PET-CT scan showed a 26.3x24.3x11.3 cm, abdominopelvic mass extending into abdominopelvic cavity with splaying of large and small bowel and indenting right kidney and IVC, Displacing right lobe of liver (Figure 1) and (Figure 2).


Trucut biopsy reported presence of fibrous tissue

  • Positive for vimentin, CD34, CD99
  • Negative for CK, EMA, DESMIN, S-100
  • SMA: Patchy positive
  • Ki-67: -4%

At laparotomy there was a large, highly vascular, fleshy mass attached to greater omentum and with tortuous, dilated blood vessel. Right gastroepiploic artery and vein were dilated and pulled by mass, and a major supply vessel diverged from it. Tumor was minimally adherent to posterior wall of stomach. There were multiple feeding vessels from the lateral abdominal wall. Tumor was removed en bloc without requiring any resection of gut. It was measuring 40x35x10 cm and weighing 6 kg. Patient had uneventful postoperative recovery and was started on imatinib mesylate 600 mg once a day. The patient had remained well and had no signs of recurrence at the time of review at 12th month.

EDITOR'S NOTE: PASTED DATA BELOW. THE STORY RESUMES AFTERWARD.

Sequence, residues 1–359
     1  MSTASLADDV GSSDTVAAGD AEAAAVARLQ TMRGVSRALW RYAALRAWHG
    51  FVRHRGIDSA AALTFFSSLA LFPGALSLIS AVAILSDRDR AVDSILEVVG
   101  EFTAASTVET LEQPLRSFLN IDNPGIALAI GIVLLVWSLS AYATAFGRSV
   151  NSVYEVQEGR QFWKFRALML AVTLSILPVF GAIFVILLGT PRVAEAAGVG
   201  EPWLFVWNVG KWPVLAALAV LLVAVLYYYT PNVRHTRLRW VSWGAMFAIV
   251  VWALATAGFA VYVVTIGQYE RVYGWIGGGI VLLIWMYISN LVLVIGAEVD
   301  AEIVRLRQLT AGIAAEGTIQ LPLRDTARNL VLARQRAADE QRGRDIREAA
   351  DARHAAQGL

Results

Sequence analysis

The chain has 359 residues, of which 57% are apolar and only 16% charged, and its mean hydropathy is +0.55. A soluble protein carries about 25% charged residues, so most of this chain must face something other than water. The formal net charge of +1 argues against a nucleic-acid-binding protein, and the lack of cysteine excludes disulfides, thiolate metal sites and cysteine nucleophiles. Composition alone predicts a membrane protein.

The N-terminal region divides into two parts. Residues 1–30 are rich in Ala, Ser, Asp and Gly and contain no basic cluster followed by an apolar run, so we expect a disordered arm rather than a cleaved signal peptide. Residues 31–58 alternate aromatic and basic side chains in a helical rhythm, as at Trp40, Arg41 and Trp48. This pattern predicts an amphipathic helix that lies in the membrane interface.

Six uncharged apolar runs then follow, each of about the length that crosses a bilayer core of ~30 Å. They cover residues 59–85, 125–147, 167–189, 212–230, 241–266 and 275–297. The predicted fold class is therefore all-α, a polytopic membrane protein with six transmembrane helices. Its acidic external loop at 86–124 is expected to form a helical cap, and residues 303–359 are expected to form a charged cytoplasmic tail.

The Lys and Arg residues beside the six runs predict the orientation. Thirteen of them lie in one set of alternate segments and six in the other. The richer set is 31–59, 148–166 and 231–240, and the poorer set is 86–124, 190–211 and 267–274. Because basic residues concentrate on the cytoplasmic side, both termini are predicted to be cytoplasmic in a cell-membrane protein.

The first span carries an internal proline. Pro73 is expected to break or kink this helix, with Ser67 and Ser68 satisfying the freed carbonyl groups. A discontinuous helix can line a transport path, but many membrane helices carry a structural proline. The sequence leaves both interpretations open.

Surgical pathology report

On gross examination tumor was weighing 6 kg and measuring 40x35x10 cm. Largely smooth on surface and grey in color.


Microscopic description

Sections reveal a tumor comprised of cells arranged in sheets, whorl and interlacing fascicles, lying within a fibrous background. Individual cells are spindly or oval, with ample eosinophilic cytoplasm and a large oval or elongated vesicular. Nuclear pleomorphism is minimal and nucleoli are not visible.

In very focal areas tumor cells are plump, oval to round, with clear cytoplasm and a large moderately pleomorphic and hyperchromatic nucleus. Mitotic figures are rare (about 1/50 Hpf). Tumor necrosis is not present. Few compressed, large vessels are seen interspersed within the tumor. Tumor is reaching right up to the margin (Figure 3) (Figure 4).


Immunohistochemistry

Tumor cells are strongly positive for CD34, DOG-1 and Bcl2. They show weak to moderate staining for C-kit. Few scattered cells are positive for SMA. They are negative for S-100 and CD9. Mib-1 labeling index is low (about 1%) (Figure 5).


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Figure 1: Axial view of contrast enhanced computed tomography scan.